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d was illegal but the second order of detention was valid, so the Supreme Court held that as the second order of detention has become valid before the date of the return, hence the detenue cannot be released on the ground that his detention was bad at the time of the initiation of the proceedings. The Supreme Court has not laid down the law that in case the detention had become valid after the date of the return, such valid order of detention is not to be taken notice of. As already mentioned, s .....

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March 6, 1953. In the return, their detention was sought to be justified on the basis of two remand orders, one alleged to have been passed by the Additional District Magistrate at 8 P.M. on March 6, 1953 and the other by a Trial Magistrate at about 3 P.M. on March 9, 1953. The Supreme Court, on looking up the record, found that no valid order of remand had been made on March 9, 1953 at all and after the hearing was over in the case, certain documents were sought to be put on the record in order .....

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e Supreme Court from the record that the detention of said persons was valid. So nothing said in this judgment supports the contention that the Supreme Court has categorically laid down a proposition of law that detention of a particular person is to be shown valid only upto the date of the filing of the return to the show cause notice issued in a habeas corpus petition. 43. In A.K. Gopalan v. Government of India, A.I.R. 1966 Supreme Court 816, the Supreme Court has categorically laid down that .....

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44. Another judgment relied upon by learned counsel for the petitioner is Pranab Chatterjee v. State of Bihar, 1970 (3) Supreme Court Cases 926. The petitioner in the said case had challenged his detention. He was arrested on 9th August 1970 and was not produced before the Magistrate within 24 hours nor was he informed of the grounds. A contention was raised before the Court that the petitioner was arrested not only under Section 151 but also under Sections 151, 107, 117(3) Criminal Procedure C .....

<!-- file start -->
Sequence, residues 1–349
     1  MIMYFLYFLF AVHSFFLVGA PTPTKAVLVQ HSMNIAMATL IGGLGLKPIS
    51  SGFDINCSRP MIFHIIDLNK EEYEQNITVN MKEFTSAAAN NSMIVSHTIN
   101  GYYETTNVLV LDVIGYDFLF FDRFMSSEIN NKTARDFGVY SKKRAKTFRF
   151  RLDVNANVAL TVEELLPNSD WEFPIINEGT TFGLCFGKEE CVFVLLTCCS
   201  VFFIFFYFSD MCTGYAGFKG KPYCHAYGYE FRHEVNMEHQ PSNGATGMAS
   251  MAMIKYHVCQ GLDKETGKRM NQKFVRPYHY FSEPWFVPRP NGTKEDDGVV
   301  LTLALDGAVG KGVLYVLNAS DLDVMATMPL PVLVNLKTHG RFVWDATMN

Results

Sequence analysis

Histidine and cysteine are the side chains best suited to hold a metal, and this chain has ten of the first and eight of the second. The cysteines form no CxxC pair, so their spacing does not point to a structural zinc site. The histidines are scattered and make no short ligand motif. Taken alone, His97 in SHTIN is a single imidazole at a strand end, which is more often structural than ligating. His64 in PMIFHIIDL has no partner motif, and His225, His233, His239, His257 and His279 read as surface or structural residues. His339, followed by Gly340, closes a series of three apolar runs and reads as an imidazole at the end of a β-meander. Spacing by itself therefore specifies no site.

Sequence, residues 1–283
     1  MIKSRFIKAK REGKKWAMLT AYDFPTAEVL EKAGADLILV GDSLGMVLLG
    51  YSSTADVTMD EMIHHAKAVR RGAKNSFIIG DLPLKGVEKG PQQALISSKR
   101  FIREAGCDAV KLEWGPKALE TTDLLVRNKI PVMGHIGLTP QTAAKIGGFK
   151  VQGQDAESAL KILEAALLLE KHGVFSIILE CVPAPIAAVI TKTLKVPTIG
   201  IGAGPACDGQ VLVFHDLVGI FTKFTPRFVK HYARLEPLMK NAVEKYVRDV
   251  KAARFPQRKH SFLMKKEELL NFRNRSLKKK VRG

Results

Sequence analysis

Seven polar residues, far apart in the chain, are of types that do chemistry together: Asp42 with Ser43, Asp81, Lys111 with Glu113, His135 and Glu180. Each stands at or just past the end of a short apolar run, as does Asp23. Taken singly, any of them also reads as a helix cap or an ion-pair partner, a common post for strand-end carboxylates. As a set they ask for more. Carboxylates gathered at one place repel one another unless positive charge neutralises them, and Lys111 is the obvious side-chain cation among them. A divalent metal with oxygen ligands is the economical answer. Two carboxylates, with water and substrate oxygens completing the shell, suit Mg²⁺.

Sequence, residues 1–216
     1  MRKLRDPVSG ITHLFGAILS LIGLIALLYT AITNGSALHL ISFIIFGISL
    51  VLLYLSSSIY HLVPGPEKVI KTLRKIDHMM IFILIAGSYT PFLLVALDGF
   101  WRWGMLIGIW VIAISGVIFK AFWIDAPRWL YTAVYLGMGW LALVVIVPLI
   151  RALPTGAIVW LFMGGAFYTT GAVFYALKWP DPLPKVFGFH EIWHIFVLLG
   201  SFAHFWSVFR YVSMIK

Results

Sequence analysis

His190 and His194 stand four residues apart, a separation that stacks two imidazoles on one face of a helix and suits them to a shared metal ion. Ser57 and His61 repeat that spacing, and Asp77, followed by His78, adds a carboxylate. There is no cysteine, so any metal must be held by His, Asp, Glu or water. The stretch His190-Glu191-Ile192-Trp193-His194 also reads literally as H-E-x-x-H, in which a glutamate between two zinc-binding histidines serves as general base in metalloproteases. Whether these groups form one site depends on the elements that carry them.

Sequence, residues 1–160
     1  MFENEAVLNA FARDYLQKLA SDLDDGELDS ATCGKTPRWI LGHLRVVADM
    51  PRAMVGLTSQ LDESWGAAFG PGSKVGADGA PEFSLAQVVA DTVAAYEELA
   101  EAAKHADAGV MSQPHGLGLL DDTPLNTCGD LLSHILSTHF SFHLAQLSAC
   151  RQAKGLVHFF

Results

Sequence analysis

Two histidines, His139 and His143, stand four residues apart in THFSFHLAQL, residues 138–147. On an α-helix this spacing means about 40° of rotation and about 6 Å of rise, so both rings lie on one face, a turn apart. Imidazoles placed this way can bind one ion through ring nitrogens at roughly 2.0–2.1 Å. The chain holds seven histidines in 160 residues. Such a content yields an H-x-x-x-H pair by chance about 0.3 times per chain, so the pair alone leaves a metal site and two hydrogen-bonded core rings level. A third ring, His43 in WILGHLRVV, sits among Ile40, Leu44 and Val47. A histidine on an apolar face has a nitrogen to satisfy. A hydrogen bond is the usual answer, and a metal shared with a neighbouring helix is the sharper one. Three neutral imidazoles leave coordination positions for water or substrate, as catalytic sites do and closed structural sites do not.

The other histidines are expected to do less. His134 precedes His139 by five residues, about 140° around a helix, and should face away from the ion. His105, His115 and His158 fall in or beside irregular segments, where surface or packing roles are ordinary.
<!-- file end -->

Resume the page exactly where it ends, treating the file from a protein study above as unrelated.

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etitioner's detention on September 4, 1970 cannot be considered to be illegal because he was kept in detention under proper orders of remand as under trial prisoner. This judgment also does not deal with the legal question arising for decision before us that if the detention of a particular person is justifiable even after a return is filed, could such a person be released even though his detention was illegal for any earlier period? 45. In case of Talib Hussain (supra), a learned Single Hon .....

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that in proceedings of a writ of habeas corpus, the Court is to have regard to the legality or otherwise of the detention at the time of the return and not with reference to the institution of the proceedings. A fortiori the Court would not be concerned with a date prior to the initiation of the proceedings for a writ of habeas corpus. The earlier two Supreme Court judgments in cases of Ram Narayan Singh (supra) and Niranjan Singh Nathawan (supra) were followed. Again, this judgment does not de .....

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n of a particular person becomes valid due to subsequent happenings even upto the date of hearing of the writ petition, still such a person is to be released by issuance of writ of habeas corpus if his detention was invalid upto the date of the filing of the return. 48. In case the contention of the learned counsel for the petitioner were to be accepted, it would lead to a very anomalous and drastic result. In the present case, assuming for the sake of argument, the petitioner who is facing regu .....

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t to the notice of the Court, it is too much to say that the Court would not take note of such a future happening. So, we hold that if upto the date of the hearing of the writ petition, it is shown that the detention of a particular person is valid presently, mere fact that his detention had been invalid earlier would not entitle such a petitioner to have any redress in habeas corpus petition. (emphasis supplied) 46. Mr. Mahajan has also referred to a decision of the Full Bench of the Allahabad .....